Investigating Claims of Workplace Discrimination
Hidden biases can take the form of assumptions we make or actions we take without recognizing the reasons behind them.
By Eric Gilkey
CLM’s Diversity and Inclusion Committee addressed these unconscious biases in a recent webinar.
Yvette Davis, an attorney with Haight Brown & Bonesteel LLP, where she is leader of the Employment & Labor Practice Group
Mike Sandulak, former FBI special agent and current health sciences principal investigator for the University of California Office of the President. *Although an attorney, he is not a lawyer for the university and does not speak on its behalf.
Sandulak says that we all carry unconscious biases with us that we might not understand. While at Quantico doing firearms training, he said that there were many scenarios on using a firearm in a split second that included targets of men and women. At the completion, it was clear that the trainees were less likely to use their firearms on women because most had an implicit bias that women don’t carry firearms.
“Discrimination claims are on the rise. I’ve seen an uptick in cases and, in conjunction with that, retaliation claims. Things get to the lawsuit stage because of lack of communication and the employee not being able to express themselves until it is too late.”
Davis says that when talking to a complainant, make sure to let them know that you’re addressing their concerns—and then make sure to get back to them and let them know the investigation is ongoing. She says leaving them wondering what is happening makes you a prime target for another lawsuit.down the line.
“As an investigator, you have to understand that you’re going to hear things that might not make sense to you and require you to remove your biases. For instance, in a domestic violence case, some victims want to stay in the relationship. You have to recognize that this is something that can happen.”
“In Vasquez v. Empress Ambulance Service Inc., the plaintiff received obscene photos and texts from a male coworker. When he realized that she was going to report him, he doctored some texts and used a racy image from another female and presented that to the employer so it looked like she was harassing him, and she was terminated.”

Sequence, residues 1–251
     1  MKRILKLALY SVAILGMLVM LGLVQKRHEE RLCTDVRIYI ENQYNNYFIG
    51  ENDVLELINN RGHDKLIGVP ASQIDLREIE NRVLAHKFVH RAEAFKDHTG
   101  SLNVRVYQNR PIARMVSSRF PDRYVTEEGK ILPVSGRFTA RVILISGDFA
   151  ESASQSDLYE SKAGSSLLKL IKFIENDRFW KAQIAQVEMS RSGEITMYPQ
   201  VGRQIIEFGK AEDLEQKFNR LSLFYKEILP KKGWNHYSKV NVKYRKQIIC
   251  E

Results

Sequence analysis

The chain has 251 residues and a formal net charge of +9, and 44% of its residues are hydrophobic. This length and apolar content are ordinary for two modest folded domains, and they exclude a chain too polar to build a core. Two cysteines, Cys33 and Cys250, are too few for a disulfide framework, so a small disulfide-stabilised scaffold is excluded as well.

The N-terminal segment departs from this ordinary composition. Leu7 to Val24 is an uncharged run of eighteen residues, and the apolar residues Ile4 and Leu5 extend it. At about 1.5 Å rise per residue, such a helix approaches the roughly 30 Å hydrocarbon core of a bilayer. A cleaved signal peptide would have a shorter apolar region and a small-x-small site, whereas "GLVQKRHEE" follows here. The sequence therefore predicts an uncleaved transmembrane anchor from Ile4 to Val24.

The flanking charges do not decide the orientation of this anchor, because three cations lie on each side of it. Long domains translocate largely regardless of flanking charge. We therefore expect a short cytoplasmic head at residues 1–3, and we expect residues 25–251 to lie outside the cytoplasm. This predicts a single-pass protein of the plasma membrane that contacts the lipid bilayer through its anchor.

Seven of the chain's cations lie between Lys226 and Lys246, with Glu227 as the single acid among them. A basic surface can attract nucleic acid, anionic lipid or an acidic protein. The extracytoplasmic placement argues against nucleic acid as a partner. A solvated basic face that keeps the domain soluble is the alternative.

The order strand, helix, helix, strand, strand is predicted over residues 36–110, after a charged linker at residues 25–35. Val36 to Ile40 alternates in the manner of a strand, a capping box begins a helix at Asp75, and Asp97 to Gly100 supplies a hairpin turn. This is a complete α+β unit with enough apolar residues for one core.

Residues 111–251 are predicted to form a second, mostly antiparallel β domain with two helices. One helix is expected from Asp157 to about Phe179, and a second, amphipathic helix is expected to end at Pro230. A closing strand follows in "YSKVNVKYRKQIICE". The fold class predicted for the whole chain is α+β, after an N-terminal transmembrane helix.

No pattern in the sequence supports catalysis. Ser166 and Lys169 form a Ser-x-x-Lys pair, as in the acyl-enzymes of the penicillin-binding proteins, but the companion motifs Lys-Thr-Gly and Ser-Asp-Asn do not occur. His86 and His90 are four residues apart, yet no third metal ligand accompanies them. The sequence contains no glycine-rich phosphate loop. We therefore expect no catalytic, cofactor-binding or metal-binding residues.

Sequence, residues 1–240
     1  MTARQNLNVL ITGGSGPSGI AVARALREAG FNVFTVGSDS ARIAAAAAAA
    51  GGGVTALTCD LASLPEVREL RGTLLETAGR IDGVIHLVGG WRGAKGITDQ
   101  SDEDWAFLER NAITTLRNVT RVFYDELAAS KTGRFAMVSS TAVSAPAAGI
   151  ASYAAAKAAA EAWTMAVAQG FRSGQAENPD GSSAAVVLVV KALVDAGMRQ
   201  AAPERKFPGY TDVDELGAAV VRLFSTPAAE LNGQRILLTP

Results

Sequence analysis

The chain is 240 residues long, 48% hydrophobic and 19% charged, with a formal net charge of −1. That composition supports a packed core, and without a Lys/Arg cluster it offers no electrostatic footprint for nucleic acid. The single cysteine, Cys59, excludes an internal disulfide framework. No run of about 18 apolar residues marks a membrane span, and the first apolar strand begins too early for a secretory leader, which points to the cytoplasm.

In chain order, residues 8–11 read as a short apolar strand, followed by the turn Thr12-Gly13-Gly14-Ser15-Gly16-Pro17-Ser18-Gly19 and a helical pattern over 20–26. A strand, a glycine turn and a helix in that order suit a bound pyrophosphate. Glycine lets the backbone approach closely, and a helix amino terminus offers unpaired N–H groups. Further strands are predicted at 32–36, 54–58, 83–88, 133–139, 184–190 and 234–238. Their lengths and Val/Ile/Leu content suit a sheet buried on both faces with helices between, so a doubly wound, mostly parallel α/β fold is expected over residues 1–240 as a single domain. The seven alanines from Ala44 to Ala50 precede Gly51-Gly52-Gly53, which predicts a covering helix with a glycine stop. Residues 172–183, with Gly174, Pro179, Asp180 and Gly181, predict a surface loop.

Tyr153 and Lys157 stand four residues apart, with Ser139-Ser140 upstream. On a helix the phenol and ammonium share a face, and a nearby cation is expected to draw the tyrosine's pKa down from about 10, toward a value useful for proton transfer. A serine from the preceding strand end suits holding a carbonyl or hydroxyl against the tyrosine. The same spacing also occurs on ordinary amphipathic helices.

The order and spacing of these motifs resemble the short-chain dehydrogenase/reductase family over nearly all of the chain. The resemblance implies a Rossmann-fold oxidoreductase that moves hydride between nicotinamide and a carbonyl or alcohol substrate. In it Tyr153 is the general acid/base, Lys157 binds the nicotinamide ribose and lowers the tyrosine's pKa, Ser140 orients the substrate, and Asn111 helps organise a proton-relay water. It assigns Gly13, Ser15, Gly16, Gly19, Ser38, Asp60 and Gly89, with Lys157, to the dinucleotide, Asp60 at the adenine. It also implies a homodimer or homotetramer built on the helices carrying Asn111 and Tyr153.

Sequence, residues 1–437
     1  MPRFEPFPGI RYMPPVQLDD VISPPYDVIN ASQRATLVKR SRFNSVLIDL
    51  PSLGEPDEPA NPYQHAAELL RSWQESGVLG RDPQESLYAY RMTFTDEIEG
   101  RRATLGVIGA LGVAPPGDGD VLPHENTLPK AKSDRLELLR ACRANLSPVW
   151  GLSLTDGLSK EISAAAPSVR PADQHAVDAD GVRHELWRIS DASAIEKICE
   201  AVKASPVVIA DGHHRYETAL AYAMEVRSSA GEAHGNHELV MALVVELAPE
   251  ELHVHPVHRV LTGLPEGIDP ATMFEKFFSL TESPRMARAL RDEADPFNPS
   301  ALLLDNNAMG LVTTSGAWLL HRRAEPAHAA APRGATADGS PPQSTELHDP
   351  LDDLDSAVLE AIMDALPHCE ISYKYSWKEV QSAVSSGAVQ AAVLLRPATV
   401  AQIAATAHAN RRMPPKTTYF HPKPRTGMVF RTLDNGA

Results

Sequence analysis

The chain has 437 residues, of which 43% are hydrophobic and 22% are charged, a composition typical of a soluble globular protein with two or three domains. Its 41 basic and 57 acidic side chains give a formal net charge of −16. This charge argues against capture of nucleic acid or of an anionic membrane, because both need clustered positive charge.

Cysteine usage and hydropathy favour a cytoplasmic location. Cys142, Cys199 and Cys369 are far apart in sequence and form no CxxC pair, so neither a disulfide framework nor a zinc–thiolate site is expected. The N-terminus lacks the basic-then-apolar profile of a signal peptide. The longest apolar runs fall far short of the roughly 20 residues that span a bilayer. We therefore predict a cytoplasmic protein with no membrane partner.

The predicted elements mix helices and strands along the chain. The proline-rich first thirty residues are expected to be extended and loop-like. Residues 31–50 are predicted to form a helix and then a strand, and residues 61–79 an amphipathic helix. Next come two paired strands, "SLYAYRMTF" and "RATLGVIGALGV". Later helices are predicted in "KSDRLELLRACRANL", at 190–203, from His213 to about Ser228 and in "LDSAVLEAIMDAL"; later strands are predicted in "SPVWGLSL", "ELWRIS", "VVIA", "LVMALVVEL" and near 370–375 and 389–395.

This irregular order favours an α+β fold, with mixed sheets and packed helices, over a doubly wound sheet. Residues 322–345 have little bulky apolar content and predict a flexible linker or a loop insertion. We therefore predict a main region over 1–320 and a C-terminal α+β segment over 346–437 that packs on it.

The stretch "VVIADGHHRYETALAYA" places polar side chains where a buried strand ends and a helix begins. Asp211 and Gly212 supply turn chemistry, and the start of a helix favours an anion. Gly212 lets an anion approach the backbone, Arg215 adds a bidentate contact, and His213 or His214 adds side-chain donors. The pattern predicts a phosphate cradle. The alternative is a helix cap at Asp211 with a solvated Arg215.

Sandulak says Investigations have to be consistent in terms of how things are documented, how statements are written, and how reports are prepared, especially for discrimination or harassment complaints because inconsistency doesn’t look good in the courts.
“If you know that an employee has a Facebook or Instagram account, don’t ask them for their password or have someone ‘friend’ them to get that information. Leave it to the investigator to deal with that because it could become an invasion of privacy issue.”
Want to hear more?
Go the TheCLM.org to listen to this and hundreds of other webinars.
Upcoming CLM Webinars
March 8, 2017
Litigating Your Civil Case with an Eye Toward Criminal Prosecution
March 22, 2017
Alternative Dispute Resolution
Creative Settlements: Out-of-the-Box Thinking to Obtain Resolution
April 19, 2017
The Contest of Consent: Challenging Consent Judgments
April 26, 2017
Steps to Take to Preserve the Subro Attorney Client Privilege
May 3, 2017
An Overview of the Transportation Industry’s Injury of Choice this Year: Reflex Sympathetic Dystrophy and Chronic Regional Pain Syndrome
May 17, 2017
The Dangers that Lurk in Claims Made Policies: Do They Protect the Insurer or Create Higher Costs?
May 31, 2017
Calculating and Adjusting Routine Loss of Rents Claims
Register and receive reminders for upcoming webinars at theclm.org/webinars